Postharvest Biology, Quality, Safety, and Technology

A section of Horticulturae (ISSN 2311-7524).

Section Information

The knowledge of postharvest physiology and pathology helps to understand the basic biological changes and underlying mechanisms that occur in a detached fresh or fresh-cut organ from the moment of harvest until it is consumed, whether fresh, fresh-cut, or cooked. This may take a few days or up to one year; regardless, the fresh or fresh-cut produce should maintain its external, internal, and sensorial quality. Postharvest technology is used to manage the harvesting, handling, storage, and marketing conditions that lead to extended shelf life and better quality of harvested produce.

Despite the remarkable progress in increasing food production worldwide, approximately half of the population in developing countries does not have access to adequate food supply. Thus, the food safety and security problem is worsening. Plants or plant parts continue to function metabolically after harvest and are subjected to physiological, pathological, biochemical, and sensorial deterioration and loss. The magnitude of postharvest losses in fresh and fresh-cut produce is estimated to be 5% to 25% in developed countries and 25% to 50% in developing countries. This enormous waste of fresh food poses a significant economic, social, and ecological challenge for humanity, indicating the need to improve current practices to understand and develop new means to reduce this loss. Technological advances—like the online monitoring of the environment and the produce state, or the active modulation of storage conditions, in parallel with increased public awareness of food quality and safety—introduce both opportunities as well as challenges to the field.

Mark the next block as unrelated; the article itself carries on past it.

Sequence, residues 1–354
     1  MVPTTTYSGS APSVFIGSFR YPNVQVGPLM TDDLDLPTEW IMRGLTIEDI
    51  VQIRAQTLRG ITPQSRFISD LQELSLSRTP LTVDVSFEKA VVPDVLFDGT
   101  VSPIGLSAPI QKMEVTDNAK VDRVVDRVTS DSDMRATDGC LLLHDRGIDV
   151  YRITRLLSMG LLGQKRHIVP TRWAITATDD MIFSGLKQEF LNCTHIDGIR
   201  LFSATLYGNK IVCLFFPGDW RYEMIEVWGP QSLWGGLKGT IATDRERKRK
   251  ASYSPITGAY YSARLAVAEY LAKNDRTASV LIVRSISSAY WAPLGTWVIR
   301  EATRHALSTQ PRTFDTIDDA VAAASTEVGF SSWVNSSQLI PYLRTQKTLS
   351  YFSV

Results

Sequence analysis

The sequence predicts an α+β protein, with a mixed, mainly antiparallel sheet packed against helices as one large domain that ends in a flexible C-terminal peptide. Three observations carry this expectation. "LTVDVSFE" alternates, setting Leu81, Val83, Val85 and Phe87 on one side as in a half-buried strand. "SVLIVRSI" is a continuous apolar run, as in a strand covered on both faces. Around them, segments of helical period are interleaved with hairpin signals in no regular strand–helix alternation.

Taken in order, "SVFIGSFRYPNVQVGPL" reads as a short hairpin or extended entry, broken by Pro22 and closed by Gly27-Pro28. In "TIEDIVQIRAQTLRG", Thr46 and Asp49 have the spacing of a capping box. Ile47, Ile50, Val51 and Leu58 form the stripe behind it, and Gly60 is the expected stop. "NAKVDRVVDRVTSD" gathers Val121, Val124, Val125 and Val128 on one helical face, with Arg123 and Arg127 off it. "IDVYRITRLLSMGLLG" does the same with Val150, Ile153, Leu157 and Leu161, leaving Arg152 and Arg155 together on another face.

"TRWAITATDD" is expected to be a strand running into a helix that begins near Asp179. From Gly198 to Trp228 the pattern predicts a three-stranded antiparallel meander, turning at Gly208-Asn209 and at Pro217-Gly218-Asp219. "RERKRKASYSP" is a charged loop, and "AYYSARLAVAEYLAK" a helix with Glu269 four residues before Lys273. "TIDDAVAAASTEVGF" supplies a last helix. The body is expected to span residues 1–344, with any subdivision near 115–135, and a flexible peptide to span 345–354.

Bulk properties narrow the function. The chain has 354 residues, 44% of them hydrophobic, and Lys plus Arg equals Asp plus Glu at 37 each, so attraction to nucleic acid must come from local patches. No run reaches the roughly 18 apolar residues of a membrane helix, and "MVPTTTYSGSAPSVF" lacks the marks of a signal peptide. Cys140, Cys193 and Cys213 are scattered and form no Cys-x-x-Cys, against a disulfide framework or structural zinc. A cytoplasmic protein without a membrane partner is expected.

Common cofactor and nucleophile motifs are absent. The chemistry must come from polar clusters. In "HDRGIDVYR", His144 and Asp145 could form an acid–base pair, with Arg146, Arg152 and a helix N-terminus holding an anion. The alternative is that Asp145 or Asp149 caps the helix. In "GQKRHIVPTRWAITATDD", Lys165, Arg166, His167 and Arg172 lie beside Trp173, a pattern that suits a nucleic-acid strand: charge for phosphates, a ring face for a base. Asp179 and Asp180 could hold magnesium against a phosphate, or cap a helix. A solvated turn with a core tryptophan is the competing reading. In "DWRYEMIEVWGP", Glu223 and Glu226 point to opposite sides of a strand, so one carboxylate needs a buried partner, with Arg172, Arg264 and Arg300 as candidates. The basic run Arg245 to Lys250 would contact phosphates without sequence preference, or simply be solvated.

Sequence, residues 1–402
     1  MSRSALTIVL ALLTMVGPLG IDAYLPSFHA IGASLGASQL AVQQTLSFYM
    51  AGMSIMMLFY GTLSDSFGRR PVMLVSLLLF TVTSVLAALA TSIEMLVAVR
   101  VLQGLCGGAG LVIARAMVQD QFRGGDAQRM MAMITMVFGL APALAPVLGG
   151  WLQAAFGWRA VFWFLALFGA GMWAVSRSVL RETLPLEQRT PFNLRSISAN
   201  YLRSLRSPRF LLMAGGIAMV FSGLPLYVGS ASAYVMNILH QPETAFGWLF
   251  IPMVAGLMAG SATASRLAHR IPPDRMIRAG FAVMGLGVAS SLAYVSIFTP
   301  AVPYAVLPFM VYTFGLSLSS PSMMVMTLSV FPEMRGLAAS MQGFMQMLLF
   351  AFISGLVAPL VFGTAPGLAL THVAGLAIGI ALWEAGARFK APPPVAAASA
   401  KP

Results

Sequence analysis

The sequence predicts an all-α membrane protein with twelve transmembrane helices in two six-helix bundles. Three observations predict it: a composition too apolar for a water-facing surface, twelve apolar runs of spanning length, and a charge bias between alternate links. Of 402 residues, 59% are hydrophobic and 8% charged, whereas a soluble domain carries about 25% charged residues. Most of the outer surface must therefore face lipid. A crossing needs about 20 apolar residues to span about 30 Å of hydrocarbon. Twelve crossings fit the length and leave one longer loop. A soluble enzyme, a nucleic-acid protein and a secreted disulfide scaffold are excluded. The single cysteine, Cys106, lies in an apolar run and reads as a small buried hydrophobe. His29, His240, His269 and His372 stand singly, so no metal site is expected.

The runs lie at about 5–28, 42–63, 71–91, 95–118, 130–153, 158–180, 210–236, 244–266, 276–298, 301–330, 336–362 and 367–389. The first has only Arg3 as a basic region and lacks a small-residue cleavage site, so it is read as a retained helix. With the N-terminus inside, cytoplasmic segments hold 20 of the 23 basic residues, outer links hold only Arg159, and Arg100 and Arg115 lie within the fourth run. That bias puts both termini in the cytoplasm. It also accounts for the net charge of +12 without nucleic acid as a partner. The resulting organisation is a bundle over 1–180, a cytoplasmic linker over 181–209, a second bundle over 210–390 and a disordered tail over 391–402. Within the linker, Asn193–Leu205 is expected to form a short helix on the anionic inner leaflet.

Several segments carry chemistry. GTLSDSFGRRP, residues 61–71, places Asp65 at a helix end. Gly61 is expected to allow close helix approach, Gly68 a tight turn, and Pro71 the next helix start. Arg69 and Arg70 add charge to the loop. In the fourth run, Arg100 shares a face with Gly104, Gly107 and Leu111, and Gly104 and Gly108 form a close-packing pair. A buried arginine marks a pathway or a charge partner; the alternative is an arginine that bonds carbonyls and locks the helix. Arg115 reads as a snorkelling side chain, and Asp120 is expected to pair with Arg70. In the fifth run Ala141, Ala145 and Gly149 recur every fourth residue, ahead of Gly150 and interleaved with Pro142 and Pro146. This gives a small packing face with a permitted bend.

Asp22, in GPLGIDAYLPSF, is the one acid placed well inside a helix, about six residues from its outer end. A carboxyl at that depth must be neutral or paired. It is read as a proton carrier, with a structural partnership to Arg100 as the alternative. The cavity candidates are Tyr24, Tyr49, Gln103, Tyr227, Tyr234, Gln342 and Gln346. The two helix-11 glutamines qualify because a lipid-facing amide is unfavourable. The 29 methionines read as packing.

In the Postharvest Biology, Quality, Safety, and Technology Section, we welcome original manuscripts of diverse types concerning recent insights, approaches, and advances in the pre- and postharvest harvesting, handling, and marketing of perishable fresh produce aiming to preserve its quality and reduce losses during prolonged storage and shelf life. We also welcome innovative applied research aiming to maintain fresh produce quality.

In particular, Postharvest Biology, Quality, Safety, and Technology welcomes contributions by early career researchers and propositions for research topics. In addition, we invite senior scientists to initiate and serve as Guest Editors of new Special Issues on a single and particular theme.


  • ripening
  • senescence
  • deterioration
  • ethylene
  • respiration
  • cold storage
  • controlled atmosphere storage
  • aroma volatiles

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